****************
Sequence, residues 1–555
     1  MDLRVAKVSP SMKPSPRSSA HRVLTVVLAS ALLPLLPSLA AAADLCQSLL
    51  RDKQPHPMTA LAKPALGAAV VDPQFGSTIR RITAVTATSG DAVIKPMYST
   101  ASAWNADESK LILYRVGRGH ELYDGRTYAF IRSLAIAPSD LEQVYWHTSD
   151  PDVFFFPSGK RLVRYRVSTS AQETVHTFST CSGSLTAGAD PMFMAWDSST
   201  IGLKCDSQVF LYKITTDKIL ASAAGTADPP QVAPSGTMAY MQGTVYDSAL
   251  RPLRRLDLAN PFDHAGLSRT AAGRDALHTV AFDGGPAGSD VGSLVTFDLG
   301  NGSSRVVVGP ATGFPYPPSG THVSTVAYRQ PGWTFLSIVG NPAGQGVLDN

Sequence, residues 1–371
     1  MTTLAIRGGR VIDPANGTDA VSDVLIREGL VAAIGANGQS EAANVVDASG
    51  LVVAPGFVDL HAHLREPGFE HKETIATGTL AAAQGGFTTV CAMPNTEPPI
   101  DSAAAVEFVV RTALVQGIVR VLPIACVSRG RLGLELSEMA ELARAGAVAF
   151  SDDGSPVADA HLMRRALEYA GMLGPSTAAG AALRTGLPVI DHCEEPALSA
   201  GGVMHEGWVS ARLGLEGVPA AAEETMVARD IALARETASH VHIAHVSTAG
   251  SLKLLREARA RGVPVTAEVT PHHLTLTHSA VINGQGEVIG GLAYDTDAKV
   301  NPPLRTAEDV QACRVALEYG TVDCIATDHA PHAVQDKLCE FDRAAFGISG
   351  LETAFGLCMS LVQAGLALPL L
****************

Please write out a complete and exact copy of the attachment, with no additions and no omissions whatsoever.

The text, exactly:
Sequence, residues 1–555
     1  MDLRVAKVSP SMKPSPRSSA HRVLTVVLAS ALLPLLPSLA AAADLCQSLL
    51  RDKQPHPMTA LAKPALGAAV VDPQFGSTIR RITAVTATSG DAVIKPMYST
   101  ASAWNADESK LILYRVGRGH ELYDGRTYAF IRSLAIAPSD LEQVYWHTSD
   151  PDVFFFPSGK RLVRYRVSTS AQETVHTFST CSGSLTAGAD PMFMAWDSST
   201  IGLKCDSQVF LYKITTDKIL ASAAGTADPP QVAPSGTMAY MQGTVYDSAL
   251  RPLRRLDLAN PFDHAGLSRT AAGRDALHTV AFDGGPAGSD VGSLVTFDLG
   301  NGSSRVVVGP ATGFPYPPSG THVSTVAYRQ PGWTFLSIVG NPAGQGVLDN

Sequence, residues 1–371
     1  MTTLAIRGGR VIDPANGTDA VSDVLIREGL VAAIGANGQS EAANVVDASG
    51  LVVAPGFVDL HAHLREPGFE HKETIATGTL AAAQGGFTTV CAMPNTEPPI
   101  DSAAAVEFVV RTALVQGIVR VLPIACVSRG RLGLELSEMA ELARAGAVAF
   151  SDDGSPVADA HLMRRALEYA GMLGPSTAAG AALRTGLPVI DHCEEPALSA
   201  GGVMHEGWVS ARLGLEGVPA AAEETMVARD IALARETASH VHIAHVSTAG
   251  SLKLLREARA RGVPVTAEVT PHHLTLTHSA VINGQGEVIG GLAYDTDAKV
   301  NPPLRTAEDV QACRVALEYG TVDCIATDHA PHAVQDKLCE FDRAAFGISG
   351  LETAFGLCMS LVQAGLALPL L